Synthesis and characterization of hyperbranched aromatic poly(ether imide)s with varying degrees of branching

D. Scott Thompson, Larry J. Markoski, Jeffrey S. Moore, Ibrahim Sendijarevic, Anand Lee, Anthony J. McHugh

Research output: Contribution to journalArticle

Abstract

A series of high molecular weight hyperbranched poly(ether imide)s (HBPEI), derived from the AB2 monomer N-[3,5-di(tert-butyldimethylsilyloxy)phenyl]-4-fluorophthalimide (1), were synthesized in a single-step process involving a rapid fluoride-catalyzed arylation reaction. NMR analysis of the degree of branching shows that changes in the polymerization reaction time, from 2.5 to 20.0 min, result in hyperbranched polymers with degrees of branching ranging from 66% to 42%, respectively. Reactions of selected model compounds show that changes in the degree of branching are a result of molecular rearrangements occurring via a transetherification mechanism. Such rearrangements lead to an increase in Mw while Mn remains relatively constant. Correlations between rheological data and the degree of branching of the hyperbranched poly(ether imide)s were observed. For solutions of the hyperbranched poly(ether imide)s, rheological measurements showed that shear thinning and normal stress effects increased as the degree of branching decreased and that birefringence as a function of shear rate increased with decreasing degree of branching. While strong correlations between the degree of branching and rheological properties exist, light scattering GPC measurements show that Mw increases significantly with reaction time. This variation in Mw suggests that the differences in rheological properties may be largely due to changes in molecular weight and makes it difficult to determine the role that changes in the degree of branching, which are manifested in altered molecular architecture, have on macroscopic physical properties.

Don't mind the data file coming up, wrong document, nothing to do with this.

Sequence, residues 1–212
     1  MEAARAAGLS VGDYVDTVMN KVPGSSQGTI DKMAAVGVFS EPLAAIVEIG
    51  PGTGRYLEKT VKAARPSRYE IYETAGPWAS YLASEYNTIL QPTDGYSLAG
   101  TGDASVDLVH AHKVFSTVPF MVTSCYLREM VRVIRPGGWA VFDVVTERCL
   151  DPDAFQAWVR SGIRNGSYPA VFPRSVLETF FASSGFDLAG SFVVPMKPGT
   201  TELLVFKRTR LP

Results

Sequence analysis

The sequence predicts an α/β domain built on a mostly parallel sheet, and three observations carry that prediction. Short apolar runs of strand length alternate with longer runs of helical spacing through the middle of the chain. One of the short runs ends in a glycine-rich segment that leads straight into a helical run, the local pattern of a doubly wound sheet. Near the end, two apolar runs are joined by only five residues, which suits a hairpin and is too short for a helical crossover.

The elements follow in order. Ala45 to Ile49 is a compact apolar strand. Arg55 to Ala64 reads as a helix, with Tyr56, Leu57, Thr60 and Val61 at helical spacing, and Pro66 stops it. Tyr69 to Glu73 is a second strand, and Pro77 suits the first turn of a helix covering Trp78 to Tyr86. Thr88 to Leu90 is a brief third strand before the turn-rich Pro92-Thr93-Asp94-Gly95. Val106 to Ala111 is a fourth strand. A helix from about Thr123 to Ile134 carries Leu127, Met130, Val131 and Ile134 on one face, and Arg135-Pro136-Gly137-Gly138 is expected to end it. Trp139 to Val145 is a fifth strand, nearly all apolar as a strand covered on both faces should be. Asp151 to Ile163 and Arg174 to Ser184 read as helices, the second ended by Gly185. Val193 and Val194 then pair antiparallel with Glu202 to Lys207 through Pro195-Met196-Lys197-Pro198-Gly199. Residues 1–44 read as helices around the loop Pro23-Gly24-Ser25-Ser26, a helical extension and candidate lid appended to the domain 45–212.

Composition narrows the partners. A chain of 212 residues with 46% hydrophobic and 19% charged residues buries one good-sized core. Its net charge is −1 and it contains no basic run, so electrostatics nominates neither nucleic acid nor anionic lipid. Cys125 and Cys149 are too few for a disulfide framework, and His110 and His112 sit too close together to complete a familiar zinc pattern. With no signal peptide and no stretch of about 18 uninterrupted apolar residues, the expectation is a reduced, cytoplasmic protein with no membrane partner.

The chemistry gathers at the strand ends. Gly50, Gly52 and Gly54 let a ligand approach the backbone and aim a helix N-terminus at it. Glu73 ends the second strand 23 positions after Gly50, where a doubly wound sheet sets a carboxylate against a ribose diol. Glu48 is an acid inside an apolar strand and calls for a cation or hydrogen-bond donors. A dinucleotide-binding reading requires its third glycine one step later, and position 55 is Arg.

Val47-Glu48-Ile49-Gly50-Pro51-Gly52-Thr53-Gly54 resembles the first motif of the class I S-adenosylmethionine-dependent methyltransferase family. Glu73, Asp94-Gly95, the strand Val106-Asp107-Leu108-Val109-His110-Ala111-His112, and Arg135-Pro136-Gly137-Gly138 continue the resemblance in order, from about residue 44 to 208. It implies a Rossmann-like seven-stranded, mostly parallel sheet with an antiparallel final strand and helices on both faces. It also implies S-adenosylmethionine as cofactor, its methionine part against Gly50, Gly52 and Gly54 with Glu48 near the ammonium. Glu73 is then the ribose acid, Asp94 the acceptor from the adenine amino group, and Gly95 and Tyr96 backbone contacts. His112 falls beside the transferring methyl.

Original languageEnglish (US)
Pages (from-to)6412-6415
Number of pages4
JournalMacromolecules
Volume33
Issue number17
DOIs
StatePublished - Aug 22 2000

ASJC Scopus subject areas

  • Organic Chemistry
  • Polymers and Plastics
  • Inorganic Chemistry
  • Materials Chemistry

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